Mom always dressed up when she went out, usually donning a large hat.  She would top the outfits off with a silver martin fur stole or in winter a black Persian lamb fur coat.  She was a large woman and under those clothes I swear she wore a suit of armor.  I don’t know how she could move in that thing; it must have been very uncomfortable.  As she would say, “what price beauty”.

Mom was the annual Thanksgiving hostess for us, her sister Jane’s family and Mary & George Flores who were friends and had no extended family, and who, during those years, lived in the Wilbur House.  She would bake mince meat pies, squash pies, apple pies & suet pudding, the recipe for this handed down from her mother.  We had an unheated sun room in our house & the floor would be lined with these treats leading up to the feast day.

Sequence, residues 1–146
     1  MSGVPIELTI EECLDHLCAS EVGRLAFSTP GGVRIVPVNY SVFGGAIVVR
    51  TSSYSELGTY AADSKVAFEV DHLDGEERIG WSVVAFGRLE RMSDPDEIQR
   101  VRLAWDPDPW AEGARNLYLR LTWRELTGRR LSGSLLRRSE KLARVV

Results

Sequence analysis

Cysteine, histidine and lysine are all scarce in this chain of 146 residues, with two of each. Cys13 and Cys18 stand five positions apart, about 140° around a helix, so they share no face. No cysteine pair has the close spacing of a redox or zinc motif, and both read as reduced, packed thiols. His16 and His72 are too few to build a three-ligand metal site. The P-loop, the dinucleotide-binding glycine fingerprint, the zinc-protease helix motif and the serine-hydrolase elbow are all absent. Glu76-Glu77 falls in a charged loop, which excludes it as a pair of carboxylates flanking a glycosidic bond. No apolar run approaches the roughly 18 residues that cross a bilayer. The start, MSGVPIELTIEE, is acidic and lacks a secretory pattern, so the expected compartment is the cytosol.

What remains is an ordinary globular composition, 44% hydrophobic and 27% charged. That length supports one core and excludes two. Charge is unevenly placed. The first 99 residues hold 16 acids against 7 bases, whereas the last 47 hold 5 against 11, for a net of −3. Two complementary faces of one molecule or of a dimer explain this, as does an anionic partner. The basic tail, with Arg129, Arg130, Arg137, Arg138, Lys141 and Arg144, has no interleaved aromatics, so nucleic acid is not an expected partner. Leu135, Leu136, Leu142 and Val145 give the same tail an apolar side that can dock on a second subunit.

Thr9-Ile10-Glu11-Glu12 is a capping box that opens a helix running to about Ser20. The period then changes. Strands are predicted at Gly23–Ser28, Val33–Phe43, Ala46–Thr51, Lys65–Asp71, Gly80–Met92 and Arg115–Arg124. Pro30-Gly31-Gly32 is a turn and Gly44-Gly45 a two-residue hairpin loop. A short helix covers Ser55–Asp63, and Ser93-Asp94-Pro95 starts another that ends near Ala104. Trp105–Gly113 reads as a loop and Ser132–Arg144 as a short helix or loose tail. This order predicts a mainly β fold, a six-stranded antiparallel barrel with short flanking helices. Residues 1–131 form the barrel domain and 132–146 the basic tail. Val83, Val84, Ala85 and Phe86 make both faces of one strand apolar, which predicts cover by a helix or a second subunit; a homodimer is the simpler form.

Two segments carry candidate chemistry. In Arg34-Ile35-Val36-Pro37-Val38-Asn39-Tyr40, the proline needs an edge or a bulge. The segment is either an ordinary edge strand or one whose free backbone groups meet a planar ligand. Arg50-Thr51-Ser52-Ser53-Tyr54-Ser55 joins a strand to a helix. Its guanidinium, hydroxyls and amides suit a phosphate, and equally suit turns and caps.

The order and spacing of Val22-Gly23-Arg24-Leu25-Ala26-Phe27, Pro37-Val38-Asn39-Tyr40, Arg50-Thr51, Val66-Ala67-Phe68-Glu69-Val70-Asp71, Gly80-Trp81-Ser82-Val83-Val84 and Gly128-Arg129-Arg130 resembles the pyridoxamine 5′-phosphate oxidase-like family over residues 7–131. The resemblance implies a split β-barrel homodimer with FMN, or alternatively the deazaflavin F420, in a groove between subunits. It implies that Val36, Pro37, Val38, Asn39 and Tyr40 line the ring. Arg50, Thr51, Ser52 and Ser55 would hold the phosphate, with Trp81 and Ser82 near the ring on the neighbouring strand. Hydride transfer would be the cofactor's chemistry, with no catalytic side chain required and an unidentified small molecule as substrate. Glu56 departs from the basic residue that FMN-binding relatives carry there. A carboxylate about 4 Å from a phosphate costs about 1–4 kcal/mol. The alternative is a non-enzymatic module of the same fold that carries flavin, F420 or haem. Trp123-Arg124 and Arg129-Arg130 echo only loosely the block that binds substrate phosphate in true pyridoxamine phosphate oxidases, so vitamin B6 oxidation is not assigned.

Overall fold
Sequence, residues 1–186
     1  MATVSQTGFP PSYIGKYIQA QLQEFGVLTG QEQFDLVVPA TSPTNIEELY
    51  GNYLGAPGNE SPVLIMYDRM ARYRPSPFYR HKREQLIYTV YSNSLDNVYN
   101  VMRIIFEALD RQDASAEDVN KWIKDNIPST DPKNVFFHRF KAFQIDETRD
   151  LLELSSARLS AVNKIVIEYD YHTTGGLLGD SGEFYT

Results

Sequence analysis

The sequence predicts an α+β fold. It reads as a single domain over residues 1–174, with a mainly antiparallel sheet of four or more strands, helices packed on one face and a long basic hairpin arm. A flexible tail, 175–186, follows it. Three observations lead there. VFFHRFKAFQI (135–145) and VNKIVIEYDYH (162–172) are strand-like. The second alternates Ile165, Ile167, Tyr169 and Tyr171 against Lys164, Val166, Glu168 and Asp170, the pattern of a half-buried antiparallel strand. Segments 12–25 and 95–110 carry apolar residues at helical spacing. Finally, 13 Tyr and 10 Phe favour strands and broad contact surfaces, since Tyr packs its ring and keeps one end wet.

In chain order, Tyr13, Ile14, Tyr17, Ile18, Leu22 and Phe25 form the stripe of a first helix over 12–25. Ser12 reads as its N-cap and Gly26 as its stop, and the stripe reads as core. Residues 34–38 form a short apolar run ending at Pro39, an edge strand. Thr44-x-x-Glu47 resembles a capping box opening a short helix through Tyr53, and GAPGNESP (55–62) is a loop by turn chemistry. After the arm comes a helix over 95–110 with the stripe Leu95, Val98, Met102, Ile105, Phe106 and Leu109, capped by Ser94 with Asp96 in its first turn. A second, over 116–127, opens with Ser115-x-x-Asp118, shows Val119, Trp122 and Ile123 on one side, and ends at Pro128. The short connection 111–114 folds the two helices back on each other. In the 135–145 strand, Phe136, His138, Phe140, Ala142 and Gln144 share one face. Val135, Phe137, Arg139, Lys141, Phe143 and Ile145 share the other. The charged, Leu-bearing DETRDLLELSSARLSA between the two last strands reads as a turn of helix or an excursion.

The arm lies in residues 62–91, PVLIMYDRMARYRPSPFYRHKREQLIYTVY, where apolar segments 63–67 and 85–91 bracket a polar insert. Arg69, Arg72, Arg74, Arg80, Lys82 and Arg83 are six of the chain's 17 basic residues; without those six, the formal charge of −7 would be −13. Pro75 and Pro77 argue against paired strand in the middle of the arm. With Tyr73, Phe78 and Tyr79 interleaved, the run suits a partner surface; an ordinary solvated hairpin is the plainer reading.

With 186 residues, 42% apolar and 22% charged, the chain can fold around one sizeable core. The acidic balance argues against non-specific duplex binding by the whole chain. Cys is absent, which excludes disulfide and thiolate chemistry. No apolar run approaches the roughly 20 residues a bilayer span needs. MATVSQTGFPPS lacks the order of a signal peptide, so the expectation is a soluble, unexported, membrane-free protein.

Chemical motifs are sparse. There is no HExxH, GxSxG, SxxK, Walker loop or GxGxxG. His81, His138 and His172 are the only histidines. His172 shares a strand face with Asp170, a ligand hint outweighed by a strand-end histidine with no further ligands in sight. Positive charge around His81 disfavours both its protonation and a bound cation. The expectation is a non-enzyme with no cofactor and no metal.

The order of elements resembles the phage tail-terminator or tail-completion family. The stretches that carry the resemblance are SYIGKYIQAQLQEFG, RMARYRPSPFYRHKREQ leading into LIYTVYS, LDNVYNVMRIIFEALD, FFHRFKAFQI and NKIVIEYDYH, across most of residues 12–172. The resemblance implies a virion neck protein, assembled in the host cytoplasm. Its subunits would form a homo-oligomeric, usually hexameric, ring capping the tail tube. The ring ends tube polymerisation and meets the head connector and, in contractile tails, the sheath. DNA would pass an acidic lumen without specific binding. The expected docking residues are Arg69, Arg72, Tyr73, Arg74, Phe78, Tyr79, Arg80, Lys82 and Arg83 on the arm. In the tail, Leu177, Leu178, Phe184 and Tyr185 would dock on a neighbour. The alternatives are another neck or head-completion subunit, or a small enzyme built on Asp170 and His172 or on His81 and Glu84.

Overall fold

To get groceries, Mom would call Wilbur’s Store at the Commons & give them an order over the phone.  They would fill it & Walter Elwell would deliver it to our home in boxes.  If she went to the store to get her groceries she would hand a shopping list to the clerk and he would collect everything, box it & put it in the car for her.  We had a fish man that would come to our house about once a week to sell fresh caught fish.  There was also the bread man & the laundry man.  We didn’t have a washing machine so every week the laundry man came from Slade’s Laundry in Fall River, picked up a laundry bag of dirty clothes & dropped off a laundry bag of washed, wet, clean clothes.  They had to be hung on the line to dry within a short period of time, or they would get moldy.  We didn’t have a delivery milk man; because we had all the raw milk and cream we needed from the dairy.  We did have a milk man who came every morning before daylight to pick up the milk from the previous days milkings.